Unfortunately, mixed data are a part of all recoveries. And, while there is considerable uncertainty about the outlook, the balance of evidence suggests that the recovery is gaining momentum. In these circumstances, I believe the process of returning policy to a more balanced weighing of short-run and longer-run economic and financial goals should occur sooner rather than later. ...
As I have already said today, experience has shown that, despite good intentions, maintaining excessively low interest rates for a lengthy period runs the risk of creating new kinds of asset misallocations, more volatile and higher long-run inflation, and more unemployment — not today, perhaps, but in the medium- and longer-run. ...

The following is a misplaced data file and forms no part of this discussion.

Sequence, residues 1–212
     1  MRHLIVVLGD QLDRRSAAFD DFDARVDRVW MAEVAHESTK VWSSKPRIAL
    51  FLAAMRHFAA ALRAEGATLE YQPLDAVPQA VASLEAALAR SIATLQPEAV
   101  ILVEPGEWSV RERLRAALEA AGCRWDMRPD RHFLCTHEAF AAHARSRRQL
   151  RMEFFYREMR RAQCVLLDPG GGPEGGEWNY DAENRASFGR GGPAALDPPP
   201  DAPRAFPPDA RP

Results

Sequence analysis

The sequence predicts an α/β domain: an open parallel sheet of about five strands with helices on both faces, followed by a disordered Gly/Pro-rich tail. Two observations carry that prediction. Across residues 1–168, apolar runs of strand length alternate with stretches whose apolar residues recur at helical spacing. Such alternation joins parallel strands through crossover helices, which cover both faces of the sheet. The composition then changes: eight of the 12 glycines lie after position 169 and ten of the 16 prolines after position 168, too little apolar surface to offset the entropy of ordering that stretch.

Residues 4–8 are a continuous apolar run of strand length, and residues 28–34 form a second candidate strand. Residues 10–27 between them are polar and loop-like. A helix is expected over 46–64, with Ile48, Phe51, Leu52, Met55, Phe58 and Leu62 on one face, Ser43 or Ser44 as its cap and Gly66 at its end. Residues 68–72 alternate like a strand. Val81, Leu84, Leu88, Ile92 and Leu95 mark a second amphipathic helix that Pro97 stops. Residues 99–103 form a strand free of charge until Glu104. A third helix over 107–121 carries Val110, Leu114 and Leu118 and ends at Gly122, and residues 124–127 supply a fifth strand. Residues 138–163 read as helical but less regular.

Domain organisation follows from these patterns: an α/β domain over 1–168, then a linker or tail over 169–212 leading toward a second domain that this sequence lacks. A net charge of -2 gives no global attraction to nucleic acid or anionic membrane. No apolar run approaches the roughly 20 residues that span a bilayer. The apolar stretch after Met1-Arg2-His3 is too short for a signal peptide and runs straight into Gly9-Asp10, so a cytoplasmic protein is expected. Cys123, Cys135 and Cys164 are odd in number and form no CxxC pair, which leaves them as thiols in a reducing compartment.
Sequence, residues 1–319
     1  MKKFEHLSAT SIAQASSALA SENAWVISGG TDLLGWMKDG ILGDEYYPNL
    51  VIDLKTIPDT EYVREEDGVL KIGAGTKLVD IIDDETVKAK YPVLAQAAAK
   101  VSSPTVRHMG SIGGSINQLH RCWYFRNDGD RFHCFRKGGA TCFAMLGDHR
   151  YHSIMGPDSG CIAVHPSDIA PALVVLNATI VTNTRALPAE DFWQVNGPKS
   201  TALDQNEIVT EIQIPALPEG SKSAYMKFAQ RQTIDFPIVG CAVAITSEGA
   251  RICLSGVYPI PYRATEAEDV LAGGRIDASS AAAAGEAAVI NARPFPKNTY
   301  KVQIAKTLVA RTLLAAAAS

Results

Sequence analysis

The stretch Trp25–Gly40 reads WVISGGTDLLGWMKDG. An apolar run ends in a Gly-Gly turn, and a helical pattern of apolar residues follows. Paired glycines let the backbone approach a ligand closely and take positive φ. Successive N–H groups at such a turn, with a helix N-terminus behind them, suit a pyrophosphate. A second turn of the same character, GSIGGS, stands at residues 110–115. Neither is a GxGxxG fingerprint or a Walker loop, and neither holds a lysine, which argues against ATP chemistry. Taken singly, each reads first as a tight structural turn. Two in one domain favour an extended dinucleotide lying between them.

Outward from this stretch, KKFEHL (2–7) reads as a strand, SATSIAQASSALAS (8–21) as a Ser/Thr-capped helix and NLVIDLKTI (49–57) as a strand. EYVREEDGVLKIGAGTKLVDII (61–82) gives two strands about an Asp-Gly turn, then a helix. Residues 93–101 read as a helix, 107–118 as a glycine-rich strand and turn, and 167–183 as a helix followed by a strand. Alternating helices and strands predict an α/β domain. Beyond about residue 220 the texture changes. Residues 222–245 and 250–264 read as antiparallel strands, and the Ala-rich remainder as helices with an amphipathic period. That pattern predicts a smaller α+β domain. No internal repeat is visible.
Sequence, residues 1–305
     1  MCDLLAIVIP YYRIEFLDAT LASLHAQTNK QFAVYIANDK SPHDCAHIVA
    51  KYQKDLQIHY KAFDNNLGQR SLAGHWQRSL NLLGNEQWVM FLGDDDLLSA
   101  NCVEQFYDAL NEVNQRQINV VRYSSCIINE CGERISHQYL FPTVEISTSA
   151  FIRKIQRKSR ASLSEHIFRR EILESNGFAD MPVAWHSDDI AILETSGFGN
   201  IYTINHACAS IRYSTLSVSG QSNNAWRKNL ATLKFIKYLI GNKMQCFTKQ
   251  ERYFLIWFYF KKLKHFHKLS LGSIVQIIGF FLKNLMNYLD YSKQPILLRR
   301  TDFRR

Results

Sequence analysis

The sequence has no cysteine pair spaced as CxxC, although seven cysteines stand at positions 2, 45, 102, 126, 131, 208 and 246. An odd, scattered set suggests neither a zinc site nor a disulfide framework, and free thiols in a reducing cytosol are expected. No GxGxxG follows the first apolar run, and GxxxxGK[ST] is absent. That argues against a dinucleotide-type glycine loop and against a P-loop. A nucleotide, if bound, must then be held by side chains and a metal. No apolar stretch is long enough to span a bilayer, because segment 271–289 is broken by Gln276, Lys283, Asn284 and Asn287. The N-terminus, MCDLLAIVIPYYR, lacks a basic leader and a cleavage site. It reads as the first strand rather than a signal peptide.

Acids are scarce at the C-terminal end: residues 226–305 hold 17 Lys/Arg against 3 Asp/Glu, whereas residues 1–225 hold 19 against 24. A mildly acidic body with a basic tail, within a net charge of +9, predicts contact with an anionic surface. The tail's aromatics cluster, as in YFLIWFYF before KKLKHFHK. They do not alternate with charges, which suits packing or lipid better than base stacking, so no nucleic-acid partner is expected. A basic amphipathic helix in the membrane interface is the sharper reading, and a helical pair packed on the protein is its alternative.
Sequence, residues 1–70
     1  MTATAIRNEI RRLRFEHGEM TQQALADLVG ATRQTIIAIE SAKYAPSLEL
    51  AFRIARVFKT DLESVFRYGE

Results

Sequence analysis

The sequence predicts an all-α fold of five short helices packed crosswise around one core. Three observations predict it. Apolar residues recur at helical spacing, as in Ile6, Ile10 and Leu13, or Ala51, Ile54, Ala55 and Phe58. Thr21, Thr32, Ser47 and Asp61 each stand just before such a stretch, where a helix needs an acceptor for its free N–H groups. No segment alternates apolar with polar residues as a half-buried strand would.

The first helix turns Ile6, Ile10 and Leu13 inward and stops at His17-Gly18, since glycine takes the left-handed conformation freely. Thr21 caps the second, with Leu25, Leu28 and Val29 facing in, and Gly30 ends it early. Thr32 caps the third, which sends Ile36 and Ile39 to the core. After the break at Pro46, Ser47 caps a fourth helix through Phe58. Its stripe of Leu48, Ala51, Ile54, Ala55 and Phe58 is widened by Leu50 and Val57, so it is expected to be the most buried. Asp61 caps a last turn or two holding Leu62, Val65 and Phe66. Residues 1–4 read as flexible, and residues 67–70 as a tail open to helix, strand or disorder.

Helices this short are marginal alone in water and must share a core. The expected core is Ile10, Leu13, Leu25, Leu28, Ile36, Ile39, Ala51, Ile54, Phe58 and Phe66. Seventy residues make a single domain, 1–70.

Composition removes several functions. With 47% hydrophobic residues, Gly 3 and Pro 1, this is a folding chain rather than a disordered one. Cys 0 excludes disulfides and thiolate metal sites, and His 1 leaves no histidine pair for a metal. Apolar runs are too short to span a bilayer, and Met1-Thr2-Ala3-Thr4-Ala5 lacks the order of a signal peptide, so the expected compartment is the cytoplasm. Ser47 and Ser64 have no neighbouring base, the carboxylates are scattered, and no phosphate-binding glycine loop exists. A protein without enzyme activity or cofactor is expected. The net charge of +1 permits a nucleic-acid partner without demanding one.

Low rates also interfere with the economy’s ability to allocate resources and distort longer-term saving and investment decisions. Artificially low rates discourage saving and subsidize borrowers at the expense of savers. Over the past decade, we channeled too many resources into residential construction and financial activities. During this period, real interest rates—nominal rates adjusted for inflation—remained at negative levels for approximately 40 percent of the time. The last time this occurred was during the 1970s, preceding a time of turbulence. Low interest rates contributed to excesses. It would be a serious mistake to attempt to grow our way out of the current crisis by sowing the seeds for the next crisis. ...

I should note that St. Louis Fed president James Bullard, though generally hawkish, sent a different message when he talked today:

St. Louis Fed chief James Bullard said the U.S. jobless rate will start to fall soon and played down price pressures facing the United States in the near term, saying that the Fed's moves to pump liquidity into the economy were not an inflationary concern.